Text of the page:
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Basic math operations

basic math operations

Basic math operations include four basic operations:
Addition (+)
Subtraction (-)
Multiplication (* or x) and
Division ( : or /)

These operations are commonly called arithmetic operations. Arithmetic is the oldest and most elementary branch of mathematics.

In this and other related lessons, we will briefly explain basic math operations. Keep in mind, even though the operations and the examples shown here are pretty simple, they provide the basis for even the most complex operations used in mathematics.



Addition is a mathematical operation that explains the total amount of objects when they are put together in a collection.

For example, let’s say that Jimmy has 2 apples and Laura has 3 apples, and that we want to find out how many apples they have together. By adding them together, we see that both of them combined have 5 apples (2 Jimmy’s apples + 3 Laura’s apples = 5 apples in total). As you can see, the addition is signified by the “plus sign (+)”.


Addition can also be used to perform operations with negative numbers, fractions, decimal numbers, functions, etc. There are several arithmetic properties that are typical for addition:
1. Commutative property
2. Associative property
3. Identity property



Subtraction is the arithmetic operation that is the opposite of addition. Subtraction is used when you want to know how many objects are left in the group after you take away a certain amount of objects from that group.

For example, Maggie has 5 apples. She gives 2 apples to her friend, Paul. How many apples does she have? She has 3 apples (5 apples that she had – 2 apples that she gave to Paul = 3 apples that are left to her).


As you can see, subtraction is determined by the “minus (-) symbol”. Subtraction can also be used to perform operations with negative numbers, fractions, decimal numbers, functions, etc.



Multiplication is the third basic math operation. When you multiply two numbers, this is the same as adding the number to itself as many times as the value of the other number is. Think of it like this: You have 5 groups of apples and each group has 3 apples. One of the ways you can find out how many apples you have is this one:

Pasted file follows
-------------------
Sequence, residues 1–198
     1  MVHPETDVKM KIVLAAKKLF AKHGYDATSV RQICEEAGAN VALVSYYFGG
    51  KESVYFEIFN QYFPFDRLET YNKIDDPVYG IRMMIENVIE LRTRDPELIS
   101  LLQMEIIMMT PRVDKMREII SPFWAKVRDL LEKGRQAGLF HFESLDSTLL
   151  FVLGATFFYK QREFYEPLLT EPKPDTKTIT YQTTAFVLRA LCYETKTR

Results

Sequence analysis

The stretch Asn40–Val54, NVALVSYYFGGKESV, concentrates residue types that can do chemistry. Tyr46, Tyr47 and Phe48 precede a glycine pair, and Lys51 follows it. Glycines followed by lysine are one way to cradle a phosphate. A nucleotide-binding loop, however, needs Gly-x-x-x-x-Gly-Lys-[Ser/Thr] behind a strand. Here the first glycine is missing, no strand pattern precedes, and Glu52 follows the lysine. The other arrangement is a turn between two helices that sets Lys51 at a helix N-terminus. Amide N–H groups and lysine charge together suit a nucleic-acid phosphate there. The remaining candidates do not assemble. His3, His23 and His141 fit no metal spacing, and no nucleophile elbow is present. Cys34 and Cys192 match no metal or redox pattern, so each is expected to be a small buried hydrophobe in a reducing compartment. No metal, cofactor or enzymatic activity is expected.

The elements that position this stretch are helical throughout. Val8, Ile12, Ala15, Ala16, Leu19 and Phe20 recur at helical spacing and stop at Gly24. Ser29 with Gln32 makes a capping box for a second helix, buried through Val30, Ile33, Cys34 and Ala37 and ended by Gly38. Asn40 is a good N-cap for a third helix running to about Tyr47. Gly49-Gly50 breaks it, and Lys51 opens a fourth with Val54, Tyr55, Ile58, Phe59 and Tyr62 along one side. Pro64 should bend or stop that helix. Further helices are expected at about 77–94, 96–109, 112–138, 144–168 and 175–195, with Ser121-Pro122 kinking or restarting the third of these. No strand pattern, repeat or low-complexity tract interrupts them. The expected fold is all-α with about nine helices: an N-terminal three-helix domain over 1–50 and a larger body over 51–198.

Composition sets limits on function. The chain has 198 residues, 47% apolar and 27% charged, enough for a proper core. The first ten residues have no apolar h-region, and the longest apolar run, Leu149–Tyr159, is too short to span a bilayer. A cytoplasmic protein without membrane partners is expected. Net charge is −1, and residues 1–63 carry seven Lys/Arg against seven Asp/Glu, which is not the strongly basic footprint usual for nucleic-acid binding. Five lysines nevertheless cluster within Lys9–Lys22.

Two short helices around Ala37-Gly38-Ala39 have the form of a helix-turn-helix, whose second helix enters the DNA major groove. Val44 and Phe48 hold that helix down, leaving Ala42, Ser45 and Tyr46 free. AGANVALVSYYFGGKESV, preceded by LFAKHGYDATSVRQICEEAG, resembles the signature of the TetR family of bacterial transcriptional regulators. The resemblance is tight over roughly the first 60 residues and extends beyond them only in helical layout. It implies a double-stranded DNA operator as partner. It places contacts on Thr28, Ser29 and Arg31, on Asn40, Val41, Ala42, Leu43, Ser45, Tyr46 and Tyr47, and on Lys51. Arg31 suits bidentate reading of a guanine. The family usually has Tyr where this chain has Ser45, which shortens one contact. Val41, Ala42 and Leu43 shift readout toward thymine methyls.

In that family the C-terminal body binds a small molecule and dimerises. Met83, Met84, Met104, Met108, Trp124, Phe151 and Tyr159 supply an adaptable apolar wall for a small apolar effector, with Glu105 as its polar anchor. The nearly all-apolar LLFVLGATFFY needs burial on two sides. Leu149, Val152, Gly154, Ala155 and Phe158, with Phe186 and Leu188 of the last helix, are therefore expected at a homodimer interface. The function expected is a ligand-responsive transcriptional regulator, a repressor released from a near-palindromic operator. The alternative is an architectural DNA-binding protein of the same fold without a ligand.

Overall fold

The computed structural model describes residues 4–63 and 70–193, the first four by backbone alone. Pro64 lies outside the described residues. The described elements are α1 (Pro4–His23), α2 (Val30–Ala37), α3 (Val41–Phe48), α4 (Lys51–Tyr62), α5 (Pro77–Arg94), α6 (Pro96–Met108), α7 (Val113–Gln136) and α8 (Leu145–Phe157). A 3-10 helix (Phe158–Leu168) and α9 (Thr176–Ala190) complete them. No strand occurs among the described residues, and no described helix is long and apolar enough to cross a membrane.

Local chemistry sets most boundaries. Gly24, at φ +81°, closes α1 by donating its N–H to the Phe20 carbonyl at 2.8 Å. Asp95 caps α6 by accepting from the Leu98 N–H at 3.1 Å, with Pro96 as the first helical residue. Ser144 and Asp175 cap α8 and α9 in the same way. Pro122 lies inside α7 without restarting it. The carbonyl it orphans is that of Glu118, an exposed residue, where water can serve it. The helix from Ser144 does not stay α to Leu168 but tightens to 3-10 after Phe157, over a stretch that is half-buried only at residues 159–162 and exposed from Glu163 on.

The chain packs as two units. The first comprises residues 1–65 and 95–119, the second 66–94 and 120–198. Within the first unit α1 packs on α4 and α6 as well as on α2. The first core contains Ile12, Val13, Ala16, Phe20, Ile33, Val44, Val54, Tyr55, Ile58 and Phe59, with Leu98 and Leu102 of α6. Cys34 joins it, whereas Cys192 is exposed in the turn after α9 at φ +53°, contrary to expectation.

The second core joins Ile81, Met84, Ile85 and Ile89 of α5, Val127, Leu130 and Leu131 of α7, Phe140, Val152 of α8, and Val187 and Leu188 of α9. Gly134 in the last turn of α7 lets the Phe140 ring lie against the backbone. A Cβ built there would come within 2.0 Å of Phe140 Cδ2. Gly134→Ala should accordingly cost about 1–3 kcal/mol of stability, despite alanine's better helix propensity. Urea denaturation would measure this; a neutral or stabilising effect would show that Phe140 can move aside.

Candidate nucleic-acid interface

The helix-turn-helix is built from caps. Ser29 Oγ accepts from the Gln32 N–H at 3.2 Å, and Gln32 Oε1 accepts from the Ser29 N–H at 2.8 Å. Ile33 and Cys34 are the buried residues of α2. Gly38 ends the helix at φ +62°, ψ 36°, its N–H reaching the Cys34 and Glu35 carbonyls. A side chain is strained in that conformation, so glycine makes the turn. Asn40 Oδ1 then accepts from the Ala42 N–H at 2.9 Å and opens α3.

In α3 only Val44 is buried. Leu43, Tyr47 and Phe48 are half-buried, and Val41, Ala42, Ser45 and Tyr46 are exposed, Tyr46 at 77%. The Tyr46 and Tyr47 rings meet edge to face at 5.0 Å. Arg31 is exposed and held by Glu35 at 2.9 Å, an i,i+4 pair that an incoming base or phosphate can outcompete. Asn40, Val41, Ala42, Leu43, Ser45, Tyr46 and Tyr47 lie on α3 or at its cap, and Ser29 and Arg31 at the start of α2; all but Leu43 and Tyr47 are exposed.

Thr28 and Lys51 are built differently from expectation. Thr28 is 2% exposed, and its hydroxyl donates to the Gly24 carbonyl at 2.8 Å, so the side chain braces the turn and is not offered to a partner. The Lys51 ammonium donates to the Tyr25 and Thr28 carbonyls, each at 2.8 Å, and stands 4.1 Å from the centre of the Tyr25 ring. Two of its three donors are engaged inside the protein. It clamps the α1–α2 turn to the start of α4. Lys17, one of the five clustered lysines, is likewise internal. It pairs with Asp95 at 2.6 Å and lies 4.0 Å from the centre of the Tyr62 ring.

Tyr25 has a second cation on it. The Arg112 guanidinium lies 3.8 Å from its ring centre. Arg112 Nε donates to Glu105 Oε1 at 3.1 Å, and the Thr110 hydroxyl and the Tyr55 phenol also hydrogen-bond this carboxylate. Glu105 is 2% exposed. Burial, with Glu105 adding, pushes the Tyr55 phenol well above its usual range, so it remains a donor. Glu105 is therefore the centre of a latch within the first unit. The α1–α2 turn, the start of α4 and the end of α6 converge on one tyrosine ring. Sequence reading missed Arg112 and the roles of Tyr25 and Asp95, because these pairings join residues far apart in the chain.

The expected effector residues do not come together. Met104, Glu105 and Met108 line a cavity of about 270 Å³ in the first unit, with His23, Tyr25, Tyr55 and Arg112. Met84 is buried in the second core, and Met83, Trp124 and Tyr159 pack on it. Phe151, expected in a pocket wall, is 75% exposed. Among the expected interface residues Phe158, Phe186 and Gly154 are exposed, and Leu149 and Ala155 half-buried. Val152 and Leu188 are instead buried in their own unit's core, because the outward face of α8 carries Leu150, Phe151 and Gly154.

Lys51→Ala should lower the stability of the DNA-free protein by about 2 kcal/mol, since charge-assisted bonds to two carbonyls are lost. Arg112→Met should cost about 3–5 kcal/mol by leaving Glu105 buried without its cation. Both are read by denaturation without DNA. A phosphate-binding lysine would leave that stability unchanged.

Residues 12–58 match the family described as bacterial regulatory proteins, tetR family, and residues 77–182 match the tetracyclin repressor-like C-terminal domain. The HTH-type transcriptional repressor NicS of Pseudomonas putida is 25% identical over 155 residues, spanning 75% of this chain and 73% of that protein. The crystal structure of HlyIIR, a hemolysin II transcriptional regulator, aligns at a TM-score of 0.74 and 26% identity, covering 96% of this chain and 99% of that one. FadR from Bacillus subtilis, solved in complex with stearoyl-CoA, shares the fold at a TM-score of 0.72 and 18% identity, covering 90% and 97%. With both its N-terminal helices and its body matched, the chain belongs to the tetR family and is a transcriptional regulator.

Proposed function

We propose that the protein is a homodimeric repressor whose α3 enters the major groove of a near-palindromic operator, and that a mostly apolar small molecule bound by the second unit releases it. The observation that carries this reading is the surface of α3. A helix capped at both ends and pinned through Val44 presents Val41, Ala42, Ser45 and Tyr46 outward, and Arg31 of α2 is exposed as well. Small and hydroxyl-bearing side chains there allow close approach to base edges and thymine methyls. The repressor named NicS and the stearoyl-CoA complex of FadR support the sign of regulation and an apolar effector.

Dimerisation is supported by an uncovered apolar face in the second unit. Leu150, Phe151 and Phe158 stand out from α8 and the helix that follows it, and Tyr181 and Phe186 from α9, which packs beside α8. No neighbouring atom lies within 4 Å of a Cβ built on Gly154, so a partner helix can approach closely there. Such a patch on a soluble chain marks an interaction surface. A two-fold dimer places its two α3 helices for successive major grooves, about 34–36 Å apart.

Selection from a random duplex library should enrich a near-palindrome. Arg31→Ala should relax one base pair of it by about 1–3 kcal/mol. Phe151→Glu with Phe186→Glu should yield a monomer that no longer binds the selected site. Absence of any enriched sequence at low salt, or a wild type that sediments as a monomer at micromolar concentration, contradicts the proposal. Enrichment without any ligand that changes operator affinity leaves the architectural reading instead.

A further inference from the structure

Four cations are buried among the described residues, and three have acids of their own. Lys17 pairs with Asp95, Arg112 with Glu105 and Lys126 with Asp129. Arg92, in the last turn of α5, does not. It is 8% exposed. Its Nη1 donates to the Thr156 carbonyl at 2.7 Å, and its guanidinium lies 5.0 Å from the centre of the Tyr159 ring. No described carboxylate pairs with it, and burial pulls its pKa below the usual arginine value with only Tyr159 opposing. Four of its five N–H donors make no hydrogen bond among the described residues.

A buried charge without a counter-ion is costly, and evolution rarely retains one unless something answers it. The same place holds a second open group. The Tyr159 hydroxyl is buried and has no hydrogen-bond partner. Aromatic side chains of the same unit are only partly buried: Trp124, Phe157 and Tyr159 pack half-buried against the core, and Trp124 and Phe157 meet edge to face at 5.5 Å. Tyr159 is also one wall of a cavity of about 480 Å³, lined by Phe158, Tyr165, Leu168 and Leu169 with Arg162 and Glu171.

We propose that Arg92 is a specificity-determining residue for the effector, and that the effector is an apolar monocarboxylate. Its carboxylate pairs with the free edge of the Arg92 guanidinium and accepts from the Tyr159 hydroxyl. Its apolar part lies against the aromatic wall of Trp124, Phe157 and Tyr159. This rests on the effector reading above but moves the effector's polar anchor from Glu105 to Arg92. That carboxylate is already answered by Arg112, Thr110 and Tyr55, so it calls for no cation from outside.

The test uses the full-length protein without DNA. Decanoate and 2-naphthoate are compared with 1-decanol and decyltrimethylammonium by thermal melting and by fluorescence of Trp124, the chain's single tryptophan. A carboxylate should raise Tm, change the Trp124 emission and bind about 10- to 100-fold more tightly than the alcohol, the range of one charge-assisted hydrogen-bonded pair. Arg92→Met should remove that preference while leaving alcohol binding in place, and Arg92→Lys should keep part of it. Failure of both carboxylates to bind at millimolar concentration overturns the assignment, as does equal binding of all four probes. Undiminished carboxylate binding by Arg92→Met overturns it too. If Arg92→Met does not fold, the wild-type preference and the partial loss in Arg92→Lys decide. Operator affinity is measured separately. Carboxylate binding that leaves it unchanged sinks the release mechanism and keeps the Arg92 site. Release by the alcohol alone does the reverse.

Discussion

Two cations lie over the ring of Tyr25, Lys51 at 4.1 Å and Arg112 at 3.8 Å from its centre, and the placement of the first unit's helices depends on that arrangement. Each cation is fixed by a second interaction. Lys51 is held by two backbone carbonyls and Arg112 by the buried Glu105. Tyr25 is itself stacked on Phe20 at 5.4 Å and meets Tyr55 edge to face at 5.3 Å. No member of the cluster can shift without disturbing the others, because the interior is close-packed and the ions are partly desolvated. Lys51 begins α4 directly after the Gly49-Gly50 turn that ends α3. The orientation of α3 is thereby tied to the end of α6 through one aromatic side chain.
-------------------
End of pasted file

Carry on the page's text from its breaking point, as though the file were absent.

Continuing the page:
3 apples + 3 apples + 3 apples + 3 apples + 3 apples = 15 apples in total

You can see that it is way too much work (especially if you have larger numbers), so you can use multiplication to solve this problem:

5 group of apples x 3 apples in every group = 15 apples in total

This could be even easier by using the table of multiplication.

multiplication table

Multiplication is signified with multiplication sign “x”, and it is often read as “times” or “multiplied by”. So if you had an expression like “3 x 4”, you could read it as “3 times 4” or “3 multiplied by 4”. In the other words, the expression of multiplication signifies the number of times one number is multiplied by another number.

$\ 3 * 4 = 12$  The number 3 is multiplied in this equation 4 times, and when you multiply 3 by 4 you get the number 12 as a result.



Division is the fourth basic math operation. Basically, you can say that dividing means splitting objects into equal parts or groups.

For example, you have 12 apples that need to be shared equally between 4 people. So, how many apples will each person get? Each person will get 3 apples (12 apples / 4 people = 3 apples per person). The division is the opposite of multiplication:

$\ 3 * 4 = 12$

$\ 4 * 3= 12$

$\frac{12}{4} = 3$


For easier understanding of the division of one number by another, use the table of division:

table of division


Basic math operations

The basic math operations are addition, subtraction, multiplication, and division. Depending on the directions for the math problem, you may see different words:

  • Addition: adding, add
  • Subtraction: subtracting, subtract
  • Multiplication: multiplying, multiply
  • Division: dividing, divide

In mathematics when you perform computational actions, you must have in mind that there is a sequence that need to be respected in order to do calculations properly.

Addition and subtraction are first degree mathematical operations. Multiplication and division are second degree mathematical operations. This means:

● If same degree operations, we resolve them by their order (from left to right).

For example:
$\ 18 – 2 + 4 = 16 + 4 = 20$  This only applies if there are no brackets in the equation. If there are brackets, we firstly resolve numbers in the brackets.

$\ 18 – ( 2 + 4 ) = 18 – 6 = 12$  Notice the difference in results, even with same numbers.

● If there are different degree operations, we resolve it by the degree order – multiplication and division first and addition and subtraction after.

For example:

$\ 2 + 3 * 4 = 2 + 12 = 14$

Numbers in brackets are need to be resolve firstly in any case!